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Proposal to Prepare Reference Panels & Standards for Hepatitis E Virus

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Presentation on theme: "Proposal to Prepare Reference Panels & Standards for Hepatitis E Virus"— Presentation transcript:

1 Proposal to Prepare Reference Panels & Standards for Hepatitis E Virus
Sally Baylis Viral Safety, Paul-Ehrlich-Institut SoGAT XXI, Brussels, 28th-29th May 2009

2 Hepatitis E Virus (HEV)
Water borne, spread via faeces, causes acute hepatitis, with major outbreaks Mortality rates amongst pregnant women are ~20%; overall mortality 0.5-4%, higher in those with chronic liver disease Worldwide occurrence, but particular problem in developing countries. Endemic in Africa, SE Asia, Middle East, Central America – poor sanitation Emerging infection in industrialized countries. Better awareness, better diagnostics or a genuine rise in infections?

3 Slide courtesy of R. Purcell

4 HEV - Characteristics of the Virus
Small non-enveloped RNA virus (~32-34 nm), Hepeviridae family Five virus genotypes; types 1 and 2 infect humans; types 3 & 4 infect pigs, boar & deer; type 5 is a distantly related avian virus; 23-31% divergence Genotypes 3 & 4 are zoonotic & infect humans. High seroprevalence in pig herds, virus detected in meat products (Wichmann et al., JID, 2008) HEV shed in faeces, but also causes a viraemia ~107 copies/ml plasma

5 Slide courtesy of R. Purcell

6 Slide courtesy of R. Purcell

7 Slide courtesy of R. Purcell

8 Slide courtesy of R. Purcell

9 HEV – Transplantation & Transfusion
Normally causes acute hepatitis, however emerging as a cause of chronic liver disease in organ transplant recipients; may remain neg. for anti-HEV (e.g. Kamar et al., NEJM 2008) Transmitted by transfusion with cases reported in endemic & non-endemic areas Saudi Arabia, Japan, UK & France Platelets, red cells Elevated levels of ALT, some develop acute hepatitis, or may become persistently infected Genotypes 3 & 4 identified in TTI cases Seroprevalence in blood donors e.g. Bavarian Red Cross ~10% seropositive, France ~3.2% Swedish pig farmers ~13%

10 HEV - Blood Donation Blood donors with elevated levels of alanine aminotransferase (ALT) can be infected with HEV Hokkaido, Japan ALT > 500 IU/l HEV RNA was detected in ~20% of samples Blood donors in Hokkaido (1 in 8,300 donors) Nationwide Japan ALT > 200 IU/l HEV RNA 1.1% (gt 3 and 4) anti-HEV IgM 1.0% anti-HEV IgG 3.2% (Sakata et al., 2008, Transfusion) HEV RNA positive plasma samples may be ALT negative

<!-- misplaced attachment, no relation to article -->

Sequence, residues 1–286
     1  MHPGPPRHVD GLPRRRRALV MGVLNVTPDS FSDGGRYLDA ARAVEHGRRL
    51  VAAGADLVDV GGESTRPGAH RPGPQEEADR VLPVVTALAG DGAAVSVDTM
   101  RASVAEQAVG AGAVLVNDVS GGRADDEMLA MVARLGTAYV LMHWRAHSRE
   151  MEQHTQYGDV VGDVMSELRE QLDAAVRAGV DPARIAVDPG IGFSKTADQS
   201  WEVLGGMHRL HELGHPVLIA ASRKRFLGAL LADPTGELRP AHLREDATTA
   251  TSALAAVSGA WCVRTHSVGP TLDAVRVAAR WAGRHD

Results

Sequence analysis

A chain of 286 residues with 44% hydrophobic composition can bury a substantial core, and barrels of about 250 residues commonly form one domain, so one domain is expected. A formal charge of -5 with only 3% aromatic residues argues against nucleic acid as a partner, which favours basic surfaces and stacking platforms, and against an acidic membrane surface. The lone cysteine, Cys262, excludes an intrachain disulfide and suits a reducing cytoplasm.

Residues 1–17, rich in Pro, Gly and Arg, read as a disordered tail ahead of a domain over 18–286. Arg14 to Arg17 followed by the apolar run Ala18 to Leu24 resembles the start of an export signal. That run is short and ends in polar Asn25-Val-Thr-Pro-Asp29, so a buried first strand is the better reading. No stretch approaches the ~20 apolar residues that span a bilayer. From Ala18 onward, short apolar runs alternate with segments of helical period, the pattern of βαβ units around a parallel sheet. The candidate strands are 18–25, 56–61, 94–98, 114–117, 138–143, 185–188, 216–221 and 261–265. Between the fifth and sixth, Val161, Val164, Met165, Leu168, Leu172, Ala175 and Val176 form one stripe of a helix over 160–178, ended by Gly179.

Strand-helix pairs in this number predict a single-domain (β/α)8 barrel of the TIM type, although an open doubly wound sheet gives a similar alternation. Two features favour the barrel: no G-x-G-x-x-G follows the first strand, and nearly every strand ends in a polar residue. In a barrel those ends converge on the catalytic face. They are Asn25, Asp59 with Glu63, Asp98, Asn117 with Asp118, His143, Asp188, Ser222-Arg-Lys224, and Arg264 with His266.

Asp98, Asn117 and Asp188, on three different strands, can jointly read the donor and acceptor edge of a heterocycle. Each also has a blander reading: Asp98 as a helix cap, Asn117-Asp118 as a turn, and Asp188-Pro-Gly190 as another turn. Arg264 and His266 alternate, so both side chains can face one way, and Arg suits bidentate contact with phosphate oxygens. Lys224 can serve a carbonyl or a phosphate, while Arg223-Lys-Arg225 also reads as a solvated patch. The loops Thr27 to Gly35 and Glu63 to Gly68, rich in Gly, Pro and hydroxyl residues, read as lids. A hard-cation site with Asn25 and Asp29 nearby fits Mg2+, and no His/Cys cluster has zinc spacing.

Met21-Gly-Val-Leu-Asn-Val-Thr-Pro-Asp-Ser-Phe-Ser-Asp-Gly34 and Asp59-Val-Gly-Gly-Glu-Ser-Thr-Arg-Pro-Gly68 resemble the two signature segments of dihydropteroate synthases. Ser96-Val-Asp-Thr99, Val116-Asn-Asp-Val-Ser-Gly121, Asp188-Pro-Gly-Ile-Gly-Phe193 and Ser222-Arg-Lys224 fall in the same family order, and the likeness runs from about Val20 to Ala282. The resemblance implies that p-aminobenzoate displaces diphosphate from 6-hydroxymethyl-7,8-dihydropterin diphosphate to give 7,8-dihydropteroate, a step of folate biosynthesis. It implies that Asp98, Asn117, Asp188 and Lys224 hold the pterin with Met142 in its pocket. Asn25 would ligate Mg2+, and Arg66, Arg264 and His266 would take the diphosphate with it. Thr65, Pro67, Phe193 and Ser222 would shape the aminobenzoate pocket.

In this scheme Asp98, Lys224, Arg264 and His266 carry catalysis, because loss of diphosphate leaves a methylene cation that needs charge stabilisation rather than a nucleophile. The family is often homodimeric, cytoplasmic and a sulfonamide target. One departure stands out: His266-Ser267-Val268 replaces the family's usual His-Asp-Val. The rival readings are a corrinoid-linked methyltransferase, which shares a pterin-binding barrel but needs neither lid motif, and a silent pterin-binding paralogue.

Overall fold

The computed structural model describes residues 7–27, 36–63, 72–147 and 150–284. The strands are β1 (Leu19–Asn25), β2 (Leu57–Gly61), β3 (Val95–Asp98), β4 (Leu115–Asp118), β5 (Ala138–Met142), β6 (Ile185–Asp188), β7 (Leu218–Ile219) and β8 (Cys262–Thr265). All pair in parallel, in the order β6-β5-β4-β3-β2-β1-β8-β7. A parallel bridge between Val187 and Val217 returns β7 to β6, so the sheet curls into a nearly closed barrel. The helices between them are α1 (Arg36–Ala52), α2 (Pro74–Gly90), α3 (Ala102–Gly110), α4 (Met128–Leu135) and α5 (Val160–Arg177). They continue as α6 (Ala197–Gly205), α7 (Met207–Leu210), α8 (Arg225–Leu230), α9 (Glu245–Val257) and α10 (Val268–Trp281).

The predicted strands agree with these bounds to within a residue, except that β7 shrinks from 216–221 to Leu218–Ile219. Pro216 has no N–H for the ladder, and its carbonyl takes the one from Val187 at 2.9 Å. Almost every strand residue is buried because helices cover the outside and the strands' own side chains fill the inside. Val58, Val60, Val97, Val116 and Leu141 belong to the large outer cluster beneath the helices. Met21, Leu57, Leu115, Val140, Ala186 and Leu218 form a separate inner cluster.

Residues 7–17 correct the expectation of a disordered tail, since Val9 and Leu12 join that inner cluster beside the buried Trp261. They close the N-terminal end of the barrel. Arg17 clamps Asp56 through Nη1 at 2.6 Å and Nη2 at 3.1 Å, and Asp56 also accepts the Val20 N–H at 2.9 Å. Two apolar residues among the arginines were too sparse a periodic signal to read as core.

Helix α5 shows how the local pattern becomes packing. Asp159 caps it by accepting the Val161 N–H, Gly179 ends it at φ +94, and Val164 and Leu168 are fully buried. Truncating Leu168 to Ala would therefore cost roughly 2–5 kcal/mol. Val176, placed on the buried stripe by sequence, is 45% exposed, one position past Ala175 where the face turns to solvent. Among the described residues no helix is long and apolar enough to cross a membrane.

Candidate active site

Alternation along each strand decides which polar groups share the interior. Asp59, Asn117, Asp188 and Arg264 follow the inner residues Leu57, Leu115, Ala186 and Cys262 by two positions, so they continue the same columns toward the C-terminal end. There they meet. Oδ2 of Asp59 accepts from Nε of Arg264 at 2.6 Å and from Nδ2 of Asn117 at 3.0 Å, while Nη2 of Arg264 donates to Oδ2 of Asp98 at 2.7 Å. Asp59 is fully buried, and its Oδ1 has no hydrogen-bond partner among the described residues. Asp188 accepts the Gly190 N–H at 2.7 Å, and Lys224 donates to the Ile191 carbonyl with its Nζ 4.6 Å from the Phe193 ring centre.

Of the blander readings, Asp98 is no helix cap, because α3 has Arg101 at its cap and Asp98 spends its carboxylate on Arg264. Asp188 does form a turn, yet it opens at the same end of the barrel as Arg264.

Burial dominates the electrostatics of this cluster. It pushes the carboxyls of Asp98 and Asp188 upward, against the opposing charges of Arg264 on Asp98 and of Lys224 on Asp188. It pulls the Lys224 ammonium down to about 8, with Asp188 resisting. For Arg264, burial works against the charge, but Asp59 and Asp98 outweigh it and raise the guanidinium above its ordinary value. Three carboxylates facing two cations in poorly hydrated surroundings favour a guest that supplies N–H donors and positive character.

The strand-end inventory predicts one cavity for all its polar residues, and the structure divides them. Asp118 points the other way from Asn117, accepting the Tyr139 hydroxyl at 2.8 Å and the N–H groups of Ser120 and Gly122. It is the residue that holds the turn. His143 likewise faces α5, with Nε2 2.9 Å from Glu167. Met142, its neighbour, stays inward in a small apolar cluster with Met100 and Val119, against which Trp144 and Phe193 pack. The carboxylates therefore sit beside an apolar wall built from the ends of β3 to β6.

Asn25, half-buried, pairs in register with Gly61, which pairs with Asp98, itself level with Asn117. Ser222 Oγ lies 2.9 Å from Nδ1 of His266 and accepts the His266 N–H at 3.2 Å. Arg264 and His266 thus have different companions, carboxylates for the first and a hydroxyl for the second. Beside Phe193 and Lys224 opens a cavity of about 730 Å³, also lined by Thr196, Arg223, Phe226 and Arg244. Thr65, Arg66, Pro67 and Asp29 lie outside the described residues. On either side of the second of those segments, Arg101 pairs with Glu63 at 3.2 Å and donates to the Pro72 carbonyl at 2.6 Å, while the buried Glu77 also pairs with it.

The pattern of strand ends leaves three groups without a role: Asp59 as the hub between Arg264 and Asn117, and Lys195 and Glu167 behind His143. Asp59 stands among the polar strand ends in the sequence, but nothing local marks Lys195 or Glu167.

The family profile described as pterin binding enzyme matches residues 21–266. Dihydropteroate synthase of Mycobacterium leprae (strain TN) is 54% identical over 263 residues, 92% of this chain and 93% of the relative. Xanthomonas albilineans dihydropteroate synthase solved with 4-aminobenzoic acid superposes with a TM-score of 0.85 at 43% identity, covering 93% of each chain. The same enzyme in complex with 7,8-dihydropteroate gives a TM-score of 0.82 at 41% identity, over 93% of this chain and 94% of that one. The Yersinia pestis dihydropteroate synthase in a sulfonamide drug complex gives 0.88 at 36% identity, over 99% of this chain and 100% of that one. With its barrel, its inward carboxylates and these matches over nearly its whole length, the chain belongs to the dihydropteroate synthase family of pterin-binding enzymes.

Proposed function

11 HEV and Plasma Derivatives
Haemophiliacs have high level of anti-HEV (16% vs 3% in blood donors in Japan), patients < 20 years old did not have antibodies and had received virus-inactivated coagulation factors (Toyoda et al., 2008) Pasteurization of albumin at 60ºC, 5 h, slow inactivation kinetics (similar to CPV), reduction factor (Rf) of ≤2 log10 (Yunoki et al., Vox Sang. 2008) Lypohilized fibrinogen preparations, slight difference observed Rfs dependent upon stabilizer composition. After 24 h, 80ºC Rf ≥4.0 log10 HEV is completely removed by 20 nm filters

12 Issues Concerning Blood Components and Plasma Derivatives
Possible concern for blood for transfusion, ALT testing may remove HEV positive units Possible concern for S/D treated plasma (analagous to HAV NAT and S/D plasma. Ph. Eur. 01/2009:1646, declining levels of anti-HAV in start pools) The availability of NAT standards for HEV could facilitate the introduction of screening as required

13 HEV and Plasma Fractionation Pools
Plasma pools from different manufacturers worldwide were tested for HEV RNA by PCR Plasma was extracted using the Roche AmpliPrep (TNAI kit) HEV RNA was detected by conventional and real-time PCR using primers and probes targeting conserved regions of ORF2 and ORF3 (modified Jothikumar et al., 2006; Gyarmati et al., 2008)

14 Analysis of Plasma Pools for HEV RNA
Source of Pools No. positive/no. analysed W Europe/N America 3/25 E Europe 2/20 Middle East 0/11 South East Asia 4/27 Overall 9/83

15 Analysis of Plasma Pools for HEV RNA
Approximately 10% of plasma pools tested are positive for HEV RNA Genotype 3 and genotype 4 viruses have been identified, sequence analysis is on-going Viral loads of positive pools identified to date are below 1000 copies/ml plasma

16 Proposal for an HEV RNA Standard
Clinical use: where patients present with hepatitis, but the cause can not be ascertained; specialist reference laboratories Blood screening use: plasma donations for use in S/D treated plasma, analogous to HAV RNA (manufacturers & associated control laboratories) Vaccine studies, monitoring viral loads Development of assays EQA providers, HEV serology already in place

17 Candidate Materials Viraemic plasma of genotypes 3 or 4
Bile from swine; high titre genotype 3 HEV samples, work well in several different conventional and real-time PCR assays targeting conserved regions of the HEV genome Viral loads in two particular samples are > 9 log10 copies/ml bile and > 10 log10 copies per ml of bile Confirmed by 2 different qPCR assays, and end-point dilution (Thomas Gärtner, Octapharma)

18 Proposed Study Sally Baylis
It is proposed to perform an initial study using dilutional panels, of blinded samples Determine the most suitable virus strain for further development as a standard Provide information on assay performance Laboratories wishing to participate in this study should contact: Sally Baylis

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